Scientific Breakthroughs

Deep Dive Toolkit

As humans, our greatest asset is each other. Our intelligence, logical reasoning, and problem-solving abilities are certainly meritorious, but without the cohesion and interdependence that we all yearn for, those abilities are all meaningless. Interdependence in science is no exception. If it wasn’t for micro and macro scale scientific advocacy, countless lives would not have benefited from HIV/AIDS treatments and therapies for rare diseases. In this toolkit, we’ll take a closer look at how interdependence has spurred scientific breakthroughs and saved lives in the context of HIV/AIDS and rare diseases.

AIDS, Hope and the Impact of Patient Advocacy

Science alone doesn’t change the world. It’s the people who push science into action that truly make a difference. Interdependence is the foundation of these efforts—without it, scientific advancements would be mere pamphlet material and not the tangible change we see in the world…

NGLY1 Deficiency and the Fight for Answers

Dealing with a life-altering diagnosis is one thing. Dealing with a life-altering diagnosis on your own without any information about it is a completely different matter. Interdependence is the antidote to that despair…

AIDS, Hope and the Impact of Patient Advocacy

Science alone doesn’t change the world. It’s the people who push science into action that truly make a difference. Interdependence is the foundation of these efforts—without it, scientific advancements would be mere pamphlet material and not the tangible change we see in the world…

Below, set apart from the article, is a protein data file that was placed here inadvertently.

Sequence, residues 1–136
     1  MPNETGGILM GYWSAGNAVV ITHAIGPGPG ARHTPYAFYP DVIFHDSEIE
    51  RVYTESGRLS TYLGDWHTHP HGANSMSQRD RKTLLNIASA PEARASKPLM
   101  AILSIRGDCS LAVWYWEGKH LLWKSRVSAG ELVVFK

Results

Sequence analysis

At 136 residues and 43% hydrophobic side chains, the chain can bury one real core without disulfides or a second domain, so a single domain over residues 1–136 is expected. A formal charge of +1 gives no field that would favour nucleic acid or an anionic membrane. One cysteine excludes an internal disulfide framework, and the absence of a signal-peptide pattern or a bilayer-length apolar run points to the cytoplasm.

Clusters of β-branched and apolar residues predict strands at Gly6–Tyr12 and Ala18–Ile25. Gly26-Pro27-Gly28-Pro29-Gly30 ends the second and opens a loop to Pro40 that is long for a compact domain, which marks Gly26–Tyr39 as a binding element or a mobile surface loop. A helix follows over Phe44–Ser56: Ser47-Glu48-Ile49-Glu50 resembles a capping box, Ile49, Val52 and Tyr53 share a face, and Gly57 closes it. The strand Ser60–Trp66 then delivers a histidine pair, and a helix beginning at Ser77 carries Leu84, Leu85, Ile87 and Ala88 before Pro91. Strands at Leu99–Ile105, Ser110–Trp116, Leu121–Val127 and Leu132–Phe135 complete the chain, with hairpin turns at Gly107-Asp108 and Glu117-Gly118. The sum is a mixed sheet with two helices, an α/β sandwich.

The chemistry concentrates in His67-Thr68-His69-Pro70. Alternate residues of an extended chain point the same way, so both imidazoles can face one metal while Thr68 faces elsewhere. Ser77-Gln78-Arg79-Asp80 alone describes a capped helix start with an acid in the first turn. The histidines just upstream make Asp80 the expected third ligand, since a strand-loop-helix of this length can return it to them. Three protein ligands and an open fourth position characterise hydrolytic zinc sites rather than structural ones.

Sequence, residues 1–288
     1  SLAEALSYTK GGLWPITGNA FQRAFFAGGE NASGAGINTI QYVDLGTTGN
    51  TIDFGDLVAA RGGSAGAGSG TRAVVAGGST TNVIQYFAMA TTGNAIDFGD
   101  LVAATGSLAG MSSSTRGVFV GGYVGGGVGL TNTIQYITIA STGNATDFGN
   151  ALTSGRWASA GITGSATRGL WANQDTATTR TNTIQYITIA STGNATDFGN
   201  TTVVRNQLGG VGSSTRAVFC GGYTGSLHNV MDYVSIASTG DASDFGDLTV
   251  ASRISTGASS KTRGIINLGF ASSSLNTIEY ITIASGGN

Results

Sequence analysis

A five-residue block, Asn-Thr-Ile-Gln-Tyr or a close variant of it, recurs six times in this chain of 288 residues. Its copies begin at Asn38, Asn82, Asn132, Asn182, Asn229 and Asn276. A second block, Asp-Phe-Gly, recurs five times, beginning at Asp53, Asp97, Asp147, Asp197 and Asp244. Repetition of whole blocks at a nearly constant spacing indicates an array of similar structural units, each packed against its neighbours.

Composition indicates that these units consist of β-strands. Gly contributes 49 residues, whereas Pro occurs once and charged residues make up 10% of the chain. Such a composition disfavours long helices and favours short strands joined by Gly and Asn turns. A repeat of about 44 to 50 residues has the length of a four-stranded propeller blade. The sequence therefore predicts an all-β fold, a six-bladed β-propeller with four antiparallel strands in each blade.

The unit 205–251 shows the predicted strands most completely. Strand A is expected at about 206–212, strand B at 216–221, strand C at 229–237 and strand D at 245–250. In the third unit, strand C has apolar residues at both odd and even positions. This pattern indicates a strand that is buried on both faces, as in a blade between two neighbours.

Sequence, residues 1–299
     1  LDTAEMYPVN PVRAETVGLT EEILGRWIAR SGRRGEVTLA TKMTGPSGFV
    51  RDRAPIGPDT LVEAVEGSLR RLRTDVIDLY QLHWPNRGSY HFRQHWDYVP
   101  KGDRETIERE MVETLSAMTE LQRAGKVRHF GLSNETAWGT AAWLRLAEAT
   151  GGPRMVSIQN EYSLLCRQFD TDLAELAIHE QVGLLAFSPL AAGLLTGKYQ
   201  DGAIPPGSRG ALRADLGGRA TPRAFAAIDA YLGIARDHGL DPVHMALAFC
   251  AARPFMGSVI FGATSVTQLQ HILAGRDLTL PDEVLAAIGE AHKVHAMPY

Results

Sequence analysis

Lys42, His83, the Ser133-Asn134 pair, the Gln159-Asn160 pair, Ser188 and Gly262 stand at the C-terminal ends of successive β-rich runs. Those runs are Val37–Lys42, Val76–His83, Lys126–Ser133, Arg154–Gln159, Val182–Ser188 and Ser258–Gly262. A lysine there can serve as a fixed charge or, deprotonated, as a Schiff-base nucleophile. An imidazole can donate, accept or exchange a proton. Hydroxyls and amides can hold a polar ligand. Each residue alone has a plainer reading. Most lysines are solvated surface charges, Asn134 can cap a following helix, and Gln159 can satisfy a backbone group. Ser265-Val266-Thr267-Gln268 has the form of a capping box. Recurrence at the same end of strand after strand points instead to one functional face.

NGLY1 Deficiency and the Fight for Answers

Dealing with a life-altering diagnosis is one thing. Dealing with a life-altering diagnosis on your own without any information about it is a completely different matter. Interdependence is the antidote to that despair…

AIDS, Hope and the Impact of Patient Advocacy

FRAMING THE PROBLEM

Science alone doesn’t change the world. It’s the people who push science into action that truly make a difference. Interdependence is the foundation of these efforts—without it, scientific advancements would be mere pamphlet material and not the tangible change we see in the world.

When the HIV/AIDS epidemic struck the United States in the early 1980’s, much was unknown about this new, deadly disease. Not unlike the situation that unfolded before our eyes over the past year with the COVID-19 pandemic, fake news was at an all-time high, rumors circulated widely, and conspiracies thrived in the midst of it all.

Individual people and whole communities were isolated and ostracized largely due to the prevalent misconceptions that were running amok in the society of that era. It appeared that the years ahead would take an immense toll on those infected and their families.

Yet, the future was not anything close to Doomsday—in fact, it was brighter than anyone could have ever imagined at the start. What made this possible?

Guiding Questions

    • Put yourself in the shoes of an HIV victim from that era. How would you feel?
    • What would you do to break the cycle of misinformation, hopelessness, and doubt that was so prevalent?
THE SOLUTION